We'll spare you with the details...
We'll spare you with the details on how to pull a 330 small-block and a two-speed trans out of a '65 Cutlass, but suffice it to say that they both came out in one fell swoop, and we were glad to see them go. Upon measuring the dimensions of the small-block next to the big-block, Jarvis realized that both are very similar in size, so he decided to use small-block motor mounts to bolt the 461 in position.
Without even realizing it, we'd built a domestic ricer. Replete with a sweet stance, big wheels, gooey meats, and a cutting-edge suspension, our '65 Cutlass project car certainly looked the part of the quintessential g-Machine, but fell three gears and 300 hp short of being the real deal. With the help of the School of Automotive Machinists, we embarked upon addressing the power shortage last month by putting the finishing touches on a 514hp big-block. Now it's time to move on to the second act of Project Olds' powertrain shuffle by ripping out the miserable two-speed slush box for a complete five-speed swap kit from Hurst Driveline Conversions. This comprehensive setup includes every last nut and bolt necessary to install a Tremec TKO transmission into a GM A-body, and any monkey with a wrench should be able to knock out the install over a weekend.
Hurst Driveline Conversions specializes in turnkey five- and six-speed swap kits for a variety of GM and Mopar muscle cars. Enthusiasts can choose between either a Tremec TKO 500 or 600, or a T56. Since one overdrive ratio was plenty for Project Olds' intended use, we ordered up Hurst's Elite conversion kit with a TKO 600. Designed for cars originally equipped with an automatic transmission, the Elite kit includes a five- or a six-speed trans, a driveshaft, a speedometer cable, a trans mount, a pilot bearing, a bellhousing, a flywheel, a clutch, a tunnel patch, and a shifter and knob. For factory manual trans cars, Hurst offers its Deluxe kit, which scratches the bellhousing, flywheel, and clutch off the list. If that formula of top-to-bottom thoroughness sounds familiar, it's because Hurst Driveline Conversions has been around for a while, but has recently changed its name. The company's former handles include Classic Motorsports Group and Classic Chevy 5 Speed. Regardless of the moniker under which it operates, you'd be hard-pressed to piece together a Tremec trans swap for less money than it costs to order up a complete kit from Hurst. For those who already have a custom driveshaft and shift knob, one of Hurst's Basic conversion kits can be had starting at $2,195.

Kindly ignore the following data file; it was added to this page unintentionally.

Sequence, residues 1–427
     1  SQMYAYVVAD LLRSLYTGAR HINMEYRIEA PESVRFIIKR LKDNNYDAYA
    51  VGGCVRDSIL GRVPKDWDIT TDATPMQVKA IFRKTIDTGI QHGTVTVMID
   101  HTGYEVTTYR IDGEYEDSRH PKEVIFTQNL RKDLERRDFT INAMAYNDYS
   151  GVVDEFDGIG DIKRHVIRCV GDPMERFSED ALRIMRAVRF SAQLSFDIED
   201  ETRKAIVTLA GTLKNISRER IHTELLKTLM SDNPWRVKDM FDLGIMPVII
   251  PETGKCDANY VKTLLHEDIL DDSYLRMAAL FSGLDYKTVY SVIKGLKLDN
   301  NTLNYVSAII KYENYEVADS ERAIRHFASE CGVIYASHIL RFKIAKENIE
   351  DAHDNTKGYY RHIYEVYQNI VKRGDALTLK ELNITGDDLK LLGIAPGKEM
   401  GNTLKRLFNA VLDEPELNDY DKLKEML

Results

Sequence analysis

In addition to everything...
In addition to everything Hurst includes in its comprehensive Elite kit, we ordered the optional SFI bellhousing, billet steel flywheel, and heavy-duty clutch. Hydraulic clutch linkages and pedal kits are available for some cars as well.
In what has become a monthly tradition during the steady progress of Project Olds, we once again turned to Performance Restorations(www.PerformanceRestorations.com) for assistance with the install. A hardened veteran builder of Pro Touring cars, Brent Jarvis has installed tons of five-speeds in his day. "At our shop, five-speed conversions and big brake swaps are the two most popular upgrades that we do. Installing a modern five-speed trans is one of the best mods you can make to modernize an older muscle car and make it much more fun to drive," he says. Since we're also dropping in a fresh 461ci big-block Olds along with the Tremec five-speed, we had to break this story down into two parts. We'll tackle the engine transplant and bolt the tranny into place this month, then finish buttoning up the clutch linkage, pedals, driveshaft, shifter, and interior next month. Then Project Olds will be ready to turn some laps!